When it comes to the employer mandate, there will always be exceptions and special circumstances that will add another layer of challenge to determining full-time equivalency (FTE) – which in turn determines who receives group health coverage. Two particular circumstances are unpaid leave (e.g. FMLA, educational employment breaks) and COBRA.
Special Unpaid Leave
Employees who take unpaid leave under the Family Medical Leave Act (FMLA), Uniformed Services Employment and Reemployment Rights Act (USERRA; military leave), or due to jury duty will not have this time counted against them during the standard measurement period. When employers use the standard measurement period to determine full-time (FT) status for the subsequent stability period, they are required to do one of two things for employees on special unpaid leave:
This means that employees taking special unpaid leave cannot lose their FT status or group health coverage for the subsequent stability period.
For educational organizations, employment breaks (e.g. summer holiday) are also considered special unpaid leave and therefore are not counted towards the average hours worked during a measurement period.
Employees who either leave an organization for good or just decrease their hours below the average 30-hour/week (or 130-hour/month) mandate for FTE status can still access COBRA coverage under ACA. However, the length of COBRA coverage can vary based on when coverage was lost:
For example, if company ABC’s 12-month stability period begins on January 1, 2015 and an employee reduces hours to part-time (PT) status in March 2015, they will retain their health coverage until December 31, 2015. After than, the employer can either begin an 18-month COBRA period from March 1, 2015 (qualifying event that resulted in a loss of employer-sponsored coverage) OR on January 1, 2016 (date of loss of coverage).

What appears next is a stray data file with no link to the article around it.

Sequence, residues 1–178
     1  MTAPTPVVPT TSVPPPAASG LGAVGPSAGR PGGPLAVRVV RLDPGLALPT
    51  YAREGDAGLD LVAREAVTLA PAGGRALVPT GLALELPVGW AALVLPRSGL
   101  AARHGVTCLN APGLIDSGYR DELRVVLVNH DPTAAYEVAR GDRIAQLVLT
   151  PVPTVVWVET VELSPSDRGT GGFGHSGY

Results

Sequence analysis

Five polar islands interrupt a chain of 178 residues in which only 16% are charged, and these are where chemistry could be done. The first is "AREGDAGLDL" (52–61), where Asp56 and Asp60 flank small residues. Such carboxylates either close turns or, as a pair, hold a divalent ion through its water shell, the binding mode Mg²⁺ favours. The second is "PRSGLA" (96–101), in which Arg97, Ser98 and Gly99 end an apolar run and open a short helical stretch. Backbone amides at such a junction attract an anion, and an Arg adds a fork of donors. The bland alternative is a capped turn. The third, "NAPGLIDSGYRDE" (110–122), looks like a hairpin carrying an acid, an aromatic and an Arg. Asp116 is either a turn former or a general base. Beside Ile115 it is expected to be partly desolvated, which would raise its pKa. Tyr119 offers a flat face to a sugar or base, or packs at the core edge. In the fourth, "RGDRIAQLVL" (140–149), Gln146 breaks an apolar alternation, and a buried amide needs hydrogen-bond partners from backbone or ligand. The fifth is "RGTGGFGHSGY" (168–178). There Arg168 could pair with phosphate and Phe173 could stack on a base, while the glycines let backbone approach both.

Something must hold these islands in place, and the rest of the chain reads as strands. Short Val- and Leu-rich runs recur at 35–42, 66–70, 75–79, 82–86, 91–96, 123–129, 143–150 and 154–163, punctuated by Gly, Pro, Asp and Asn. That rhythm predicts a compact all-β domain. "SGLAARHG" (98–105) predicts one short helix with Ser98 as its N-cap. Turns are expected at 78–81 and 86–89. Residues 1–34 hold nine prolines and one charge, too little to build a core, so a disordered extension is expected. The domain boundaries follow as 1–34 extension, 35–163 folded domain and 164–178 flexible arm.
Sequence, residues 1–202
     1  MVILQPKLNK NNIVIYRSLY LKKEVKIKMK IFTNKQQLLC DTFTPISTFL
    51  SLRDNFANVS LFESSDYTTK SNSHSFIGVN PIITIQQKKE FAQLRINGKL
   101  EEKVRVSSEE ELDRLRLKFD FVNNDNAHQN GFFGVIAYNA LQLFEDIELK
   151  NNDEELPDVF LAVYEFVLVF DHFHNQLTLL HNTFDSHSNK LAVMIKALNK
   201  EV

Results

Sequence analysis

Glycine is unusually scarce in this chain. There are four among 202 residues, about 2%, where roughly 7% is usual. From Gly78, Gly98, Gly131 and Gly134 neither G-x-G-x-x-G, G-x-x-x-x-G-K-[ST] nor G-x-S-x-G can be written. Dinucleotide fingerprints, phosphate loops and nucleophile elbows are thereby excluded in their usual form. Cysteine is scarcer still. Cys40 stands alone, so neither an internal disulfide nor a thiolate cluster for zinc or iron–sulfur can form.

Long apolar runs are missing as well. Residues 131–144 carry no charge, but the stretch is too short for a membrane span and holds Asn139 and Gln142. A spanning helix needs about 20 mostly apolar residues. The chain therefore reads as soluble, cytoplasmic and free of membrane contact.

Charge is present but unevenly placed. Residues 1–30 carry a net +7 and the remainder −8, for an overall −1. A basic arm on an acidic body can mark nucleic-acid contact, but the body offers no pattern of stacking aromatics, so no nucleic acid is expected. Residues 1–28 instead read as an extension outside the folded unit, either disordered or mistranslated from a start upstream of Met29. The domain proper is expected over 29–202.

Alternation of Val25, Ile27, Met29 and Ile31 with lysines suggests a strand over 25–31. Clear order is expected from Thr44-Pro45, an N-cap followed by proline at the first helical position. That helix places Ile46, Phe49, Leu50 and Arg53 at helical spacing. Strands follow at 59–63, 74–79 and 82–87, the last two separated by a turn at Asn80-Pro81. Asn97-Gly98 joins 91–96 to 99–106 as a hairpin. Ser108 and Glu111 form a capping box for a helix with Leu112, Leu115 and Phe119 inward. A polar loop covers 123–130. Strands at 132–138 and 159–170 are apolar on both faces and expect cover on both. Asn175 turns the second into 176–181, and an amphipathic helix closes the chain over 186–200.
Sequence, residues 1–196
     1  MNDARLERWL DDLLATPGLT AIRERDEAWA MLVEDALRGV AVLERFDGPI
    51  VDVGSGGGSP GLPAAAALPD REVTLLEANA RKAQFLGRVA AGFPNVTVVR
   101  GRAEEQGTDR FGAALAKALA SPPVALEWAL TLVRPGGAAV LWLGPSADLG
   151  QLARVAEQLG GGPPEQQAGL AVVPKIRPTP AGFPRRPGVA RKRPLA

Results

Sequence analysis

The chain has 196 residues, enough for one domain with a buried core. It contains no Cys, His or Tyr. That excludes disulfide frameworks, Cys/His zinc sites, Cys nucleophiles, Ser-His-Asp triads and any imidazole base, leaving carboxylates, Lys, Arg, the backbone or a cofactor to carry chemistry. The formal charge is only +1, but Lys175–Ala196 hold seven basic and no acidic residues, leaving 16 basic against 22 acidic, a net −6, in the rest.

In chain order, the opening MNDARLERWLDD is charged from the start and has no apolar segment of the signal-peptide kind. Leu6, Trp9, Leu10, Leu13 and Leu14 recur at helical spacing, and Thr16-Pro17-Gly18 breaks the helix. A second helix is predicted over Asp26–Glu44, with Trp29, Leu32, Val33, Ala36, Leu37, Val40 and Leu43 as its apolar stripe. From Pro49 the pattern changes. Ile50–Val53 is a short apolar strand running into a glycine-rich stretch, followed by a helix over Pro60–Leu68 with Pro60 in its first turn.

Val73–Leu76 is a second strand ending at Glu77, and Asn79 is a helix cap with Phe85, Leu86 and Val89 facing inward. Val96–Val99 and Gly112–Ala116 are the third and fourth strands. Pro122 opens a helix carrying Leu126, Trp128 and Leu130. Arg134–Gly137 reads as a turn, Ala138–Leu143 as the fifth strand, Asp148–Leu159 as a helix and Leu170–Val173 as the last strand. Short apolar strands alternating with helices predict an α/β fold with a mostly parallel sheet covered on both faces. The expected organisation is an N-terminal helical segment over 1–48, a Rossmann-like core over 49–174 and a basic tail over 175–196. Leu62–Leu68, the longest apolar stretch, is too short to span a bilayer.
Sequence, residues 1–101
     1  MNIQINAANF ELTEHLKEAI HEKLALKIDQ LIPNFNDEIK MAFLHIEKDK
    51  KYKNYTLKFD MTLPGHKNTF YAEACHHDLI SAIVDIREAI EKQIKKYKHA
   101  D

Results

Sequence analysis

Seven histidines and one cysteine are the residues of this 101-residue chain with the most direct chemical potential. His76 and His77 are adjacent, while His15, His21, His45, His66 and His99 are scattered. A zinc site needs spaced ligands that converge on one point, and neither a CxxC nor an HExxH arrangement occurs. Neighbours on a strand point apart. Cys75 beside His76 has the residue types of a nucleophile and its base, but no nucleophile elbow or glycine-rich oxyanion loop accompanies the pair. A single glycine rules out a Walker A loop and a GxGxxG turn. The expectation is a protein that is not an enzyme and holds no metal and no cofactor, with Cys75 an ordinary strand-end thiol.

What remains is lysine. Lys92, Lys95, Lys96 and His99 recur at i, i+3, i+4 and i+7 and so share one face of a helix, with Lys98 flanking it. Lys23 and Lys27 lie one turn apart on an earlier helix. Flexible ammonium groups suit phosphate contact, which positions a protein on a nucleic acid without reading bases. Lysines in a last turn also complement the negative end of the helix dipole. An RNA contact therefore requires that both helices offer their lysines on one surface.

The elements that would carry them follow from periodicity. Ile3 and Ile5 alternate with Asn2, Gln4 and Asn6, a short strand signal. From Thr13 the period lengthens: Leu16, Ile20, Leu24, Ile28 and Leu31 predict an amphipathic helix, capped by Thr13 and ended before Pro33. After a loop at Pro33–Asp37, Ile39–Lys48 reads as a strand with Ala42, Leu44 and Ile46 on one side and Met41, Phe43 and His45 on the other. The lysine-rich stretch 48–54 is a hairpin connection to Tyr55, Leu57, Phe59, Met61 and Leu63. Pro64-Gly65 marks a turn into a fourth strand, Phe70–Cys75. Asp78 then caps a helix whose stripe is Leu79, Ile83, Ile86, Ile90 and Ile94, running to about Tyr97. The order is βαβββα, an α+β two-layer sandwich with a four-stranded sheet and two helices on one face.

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The information and materials herein are provided for general information purposes only and are not intended to constitute legal or other advice or opinions on any specific matters and are not intended to replace the advice of a qualified attorney, plan provider or other professional advisor. This information has been taken from sources believed to be reliable, but there is no guarantee as to its accuracy. In accordance with IRS Circular 230, this communication is not intended or written to be used, and cannot be used as or considered a ‘covered opinion’ or other written tax advice and should not be relied upon for any purpose other than its intended purpose